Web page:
Yet Tuh came to my mind as we headed up Buford Highway on a Saturday afternoon. I had read a review about them in Atlanta Magazine, recently, which (basically) said that a meal at Yet Tuh is like Sunday lunch at your grandma’s house – provided that your grandma is Korean and can cook. They are located on the back side of a strip mall, on the lower level, at the corner of Oak Cliff Road and Buford Highway. It isn’t the easiest place to find and it is a very small space – maybe seating forty.
There was only one server, so things were slow. And to say the menu was a challenge would be an understatement. We ordered two entrees (plus) and were started with a table full of ban chan – appetizers. We did not figure out what almost half of them were, but here goes on the rest:
From top left – I don’t know, ??, a tofu pancake, cold noodles, ??, slaw, dried pork. kimchee and pickled eggs. The best of these were the tofu pancakes, the pickled eggs and the dried pork. We ordered a noodle dish to start which was (unexpectedly) cold, kind of spicy and fairly good.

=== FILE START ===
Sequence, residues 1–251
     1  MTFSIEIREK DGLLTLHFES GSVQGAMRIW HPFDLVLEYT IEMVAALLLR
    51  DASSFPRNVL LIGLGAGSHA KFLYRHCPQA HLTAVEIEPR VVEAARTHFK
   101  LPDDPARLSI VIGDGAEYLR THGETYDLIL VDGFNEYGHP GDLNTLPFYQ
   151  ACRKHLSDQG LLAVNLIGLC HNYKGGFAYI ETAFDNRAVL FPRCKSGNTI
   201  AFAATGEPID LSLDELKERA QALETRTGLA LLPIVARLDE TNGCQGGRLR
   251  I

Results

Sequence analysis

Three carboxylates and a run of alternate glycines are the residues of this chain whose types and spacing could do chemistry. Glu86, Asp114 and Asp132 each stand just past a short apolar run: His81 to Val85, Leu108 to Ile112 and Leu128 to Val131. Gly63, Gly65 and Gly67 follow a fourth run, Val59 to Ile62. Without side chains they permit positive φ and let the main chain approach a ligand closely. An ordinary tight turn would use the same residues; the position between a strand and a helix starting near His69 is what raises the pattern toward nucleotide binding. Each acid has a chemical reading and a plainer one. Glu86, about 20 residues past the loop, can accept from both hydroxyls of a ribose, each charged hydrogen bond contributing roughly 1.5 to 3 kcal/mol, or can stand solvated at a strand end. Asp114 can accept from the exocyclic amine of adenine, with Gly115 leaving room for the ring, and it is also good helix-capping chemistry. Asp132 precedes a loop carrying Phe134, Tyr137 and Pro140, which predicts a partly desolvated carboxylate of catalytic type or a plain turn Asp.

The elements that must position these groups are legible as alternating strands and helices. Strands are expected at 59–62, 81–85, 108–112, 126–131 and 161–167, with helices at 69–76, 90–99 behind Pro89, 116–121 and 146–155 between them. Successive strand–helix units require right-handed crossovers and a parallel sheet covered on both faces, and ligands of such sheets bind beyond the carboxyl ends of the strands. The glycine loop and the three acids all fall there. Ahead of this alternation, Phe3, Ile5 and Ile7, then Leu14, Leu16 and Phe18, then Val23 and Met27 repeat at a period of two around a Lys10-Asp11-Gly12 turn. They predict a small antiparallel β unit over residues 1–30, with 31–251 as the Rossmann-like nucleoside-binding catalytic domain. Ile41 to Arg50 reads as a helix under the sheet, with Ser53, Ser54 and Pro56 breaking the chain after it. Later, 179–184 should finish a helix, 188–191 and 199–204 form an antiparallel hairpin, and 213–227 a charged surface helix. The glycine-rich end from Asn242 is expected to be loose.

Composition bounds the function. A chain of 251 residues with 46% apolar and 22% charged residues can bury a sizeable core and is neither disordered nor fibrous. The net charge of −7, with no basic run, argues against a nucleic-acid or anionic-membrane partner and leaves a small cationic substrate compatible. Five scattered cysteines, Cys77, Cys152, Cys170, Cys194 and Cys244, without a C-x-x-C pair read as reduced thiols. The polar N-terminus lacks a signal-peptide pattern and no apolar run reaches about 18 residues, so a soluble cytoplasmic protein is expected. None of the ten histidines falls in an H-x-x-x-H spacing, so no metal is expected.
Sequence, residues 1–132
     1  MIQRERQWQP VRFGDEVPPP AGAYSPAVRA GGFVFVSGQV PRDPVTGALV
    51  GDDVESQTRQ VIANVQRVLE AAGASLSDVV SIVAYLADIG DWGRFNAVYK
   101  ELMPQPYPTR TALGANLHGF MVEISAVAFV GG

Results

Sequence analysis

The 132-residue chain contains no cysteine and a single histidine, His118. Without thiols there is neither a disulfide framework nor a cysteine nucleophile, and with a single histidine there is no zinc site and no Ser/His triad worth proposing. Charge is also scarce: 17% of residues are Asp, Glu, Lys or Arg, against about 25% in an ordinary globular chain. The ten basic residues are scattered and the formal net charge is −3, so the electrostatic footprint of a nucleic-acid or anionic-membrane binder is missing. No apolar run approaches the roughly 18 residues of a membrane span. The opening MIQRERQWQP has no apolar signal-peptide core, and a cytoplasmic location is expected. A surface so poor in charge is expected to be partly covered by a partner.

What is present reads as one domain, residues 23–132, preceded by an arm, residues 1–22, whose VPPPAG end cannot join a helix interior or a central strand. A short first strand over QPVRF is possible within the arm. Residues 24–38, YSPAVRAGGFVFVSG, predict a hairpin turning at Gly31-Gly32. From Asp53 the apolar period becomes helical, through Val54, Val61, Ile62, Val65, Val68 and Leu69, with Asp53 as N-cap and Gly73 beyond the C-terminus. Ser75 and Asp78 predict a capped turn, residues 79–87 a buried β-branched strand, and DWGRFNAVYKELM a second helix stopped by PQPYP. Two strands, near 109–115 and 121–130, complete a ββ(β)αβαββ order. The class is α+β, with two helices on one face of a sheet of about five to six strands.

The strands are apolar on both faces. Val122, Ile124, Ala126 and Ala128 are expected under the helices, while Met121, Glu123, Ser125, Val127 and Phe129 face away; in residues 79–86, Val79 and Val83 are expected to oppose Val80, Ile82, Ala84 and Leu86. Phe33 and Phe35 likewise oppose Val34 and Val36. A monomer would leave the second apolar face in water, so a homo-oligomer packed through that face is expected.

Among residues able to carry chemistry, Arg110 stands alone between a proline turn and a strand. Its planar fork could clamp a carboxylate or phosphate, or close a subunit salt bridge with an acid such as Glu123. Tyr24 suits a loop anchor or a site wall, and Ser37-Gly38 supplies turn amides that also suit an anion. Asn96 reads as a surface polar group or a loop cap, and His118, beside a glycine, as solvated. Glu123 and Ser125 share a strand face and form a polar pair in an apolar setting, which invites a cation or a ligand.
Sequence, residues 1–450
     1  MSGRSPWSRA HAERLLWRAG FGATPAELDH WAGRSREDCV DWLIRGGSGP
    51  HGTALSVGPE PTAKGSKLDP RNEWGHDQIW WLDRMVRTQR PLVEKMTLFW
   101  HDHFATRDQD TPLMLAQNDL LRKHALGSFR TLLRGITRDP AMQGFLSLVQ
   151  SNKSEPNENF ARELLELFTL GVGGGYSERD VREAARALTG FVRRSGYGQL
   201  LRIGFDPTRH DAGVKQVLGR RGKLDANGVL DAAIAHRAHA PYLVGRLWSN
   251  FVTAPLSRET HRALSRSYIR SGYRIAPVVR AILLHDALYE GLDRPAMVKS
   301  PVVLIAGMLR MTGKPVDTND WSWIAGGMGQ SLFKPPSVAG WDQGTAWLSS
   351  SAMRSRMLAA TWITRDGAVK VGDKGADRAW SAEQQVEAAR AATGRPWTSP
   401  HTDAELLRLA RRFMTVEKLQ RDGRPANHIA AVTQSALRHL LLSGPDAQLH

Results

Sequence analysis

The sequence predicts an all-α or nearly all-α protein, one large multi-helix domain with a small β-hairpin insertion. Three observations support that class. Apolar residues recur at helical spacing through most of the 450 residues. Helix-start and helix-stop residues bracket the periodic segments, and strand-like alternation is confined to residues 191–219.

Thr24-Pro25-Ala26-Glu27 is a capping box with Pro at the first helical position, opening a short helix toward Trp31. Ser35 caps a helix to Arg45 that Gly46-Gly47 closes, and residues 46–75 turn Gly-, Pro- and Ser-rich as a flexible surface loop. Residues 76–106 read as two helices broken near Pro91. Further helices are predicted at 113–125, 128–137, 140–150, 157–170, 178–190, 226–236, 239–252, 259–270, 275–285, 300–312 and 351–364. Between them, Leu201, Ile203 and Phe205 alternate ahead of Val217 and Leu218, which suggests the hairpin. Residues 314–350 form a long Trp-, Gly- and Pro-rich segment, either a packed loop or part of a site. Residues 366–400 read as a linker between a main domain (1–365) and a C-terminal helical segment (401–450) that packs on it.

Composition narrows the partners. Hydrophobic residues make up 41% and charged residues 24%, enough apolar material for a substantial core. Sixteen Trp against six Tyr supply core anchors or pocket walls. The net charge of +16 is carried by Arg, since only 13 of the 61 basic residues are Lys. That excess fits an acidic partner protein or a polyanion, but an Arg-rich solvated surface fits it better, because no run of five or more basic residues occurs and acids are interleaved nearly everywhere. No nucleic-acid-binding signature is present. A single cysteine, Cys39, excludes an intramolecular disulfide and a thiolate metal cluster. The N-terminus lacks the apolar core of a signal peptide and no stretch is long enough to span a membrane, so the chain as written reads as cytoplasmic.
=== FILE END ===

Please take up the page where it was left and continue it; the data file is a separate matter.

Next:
I ordered bibimbap, and the server asked me if I wanted the hot stone bibimbap. I had to ask the difference and was told that the hot stone version was served hot as opposed to cold. I went for the warm version.
If you aren’t familiar with bibimbap, it is, literally “mixed rice”. Simply put, it’s a bowl of white rice, topped with sautéed vegetables, chili pepper paste, soy sauce or soy bean paste and (most often) meat, then topped with a fried egg. The idea is that you’re to mix it together thoroughly – almost into a giant rice ball, with all the “stuff” sticking out of it. My beloved went with the fish,
which was listed on the menu as “grilled” mackerel, but it was definitely flayed and fried. The fish was fantastic – delicate and perfectly fried. We’d go back for the fish and the tofu pancake.